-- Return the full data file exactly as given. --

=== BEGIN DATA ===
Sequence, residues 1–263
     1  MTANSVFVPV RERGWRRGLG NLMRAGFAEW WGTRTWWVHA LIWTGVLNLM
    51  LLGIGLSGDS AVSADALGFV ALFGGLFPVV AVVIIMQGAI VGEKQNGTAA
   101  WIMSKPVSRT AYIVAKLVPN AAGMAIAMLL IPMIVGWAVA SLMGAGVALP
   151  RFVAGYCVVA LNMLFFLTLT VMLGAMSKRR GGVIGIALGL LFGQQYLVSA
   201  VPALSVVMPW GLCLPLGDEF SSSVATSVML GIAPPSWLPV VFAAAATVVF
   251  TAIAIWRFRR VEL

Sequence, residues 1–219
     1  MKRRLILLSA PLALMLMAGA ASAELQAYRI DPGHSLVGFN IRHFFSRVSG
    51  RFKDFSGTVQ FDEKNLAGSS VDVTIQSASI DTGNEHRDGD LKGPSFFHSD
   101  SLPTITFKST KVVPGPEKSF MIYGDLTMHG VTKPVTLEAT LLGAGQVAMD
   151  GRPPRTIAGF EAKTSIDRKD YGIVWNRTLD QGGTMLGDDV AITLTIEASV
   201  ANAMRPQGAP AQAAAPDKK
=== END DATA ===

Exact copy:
Sequence, residues 1–263
     1  MTANSVFVPV RERGWRRGLG NLMRAGFAEW WGTRTWWVHA LIWTGVLNLM
    51  LLGIGLSGDS AVSADALGFV ALFGGLFPVV AVVIIMQGAI VGEKQNGTAA
   101  WIMSKPVSRT AYIVAKLVPN AAGMAIAMLL IPMIVGWAVA SLMGAGVALP
   151  RFVAGYCVVA LNMLFFLTLT VMLGAMSKRR GGVIGIALGL LFGQQYLVSA
   201  VPALSVVMPW GLCLPLGDEF SSSVATSVML GIAPPSWLPV VFAAAATVVF
   251  TAIAIWRFRR VEL

Sequence, residues 1–219
     1  MKRRLILLSA PLALMLMAGA ASAELQAYRI DPGHSLVGFN IRHFFSRVSG
    51  RFKDFSGTVQ FDEKNLAGSS VDVTIQSASI DTGNEHRDGD LKGPSFFHSD
   101  SLPTITFKST KVVPGPEKSF MIYGDLTMHG VTKPVTLEAT LLGAGQVAMD
   151  GRPPRTIAGF EAKTSIDRKD YGIVWNRTLD QGGTMLGDDV AITLTIEASV
   201  ANAMRPQGAP AQAAAPDKK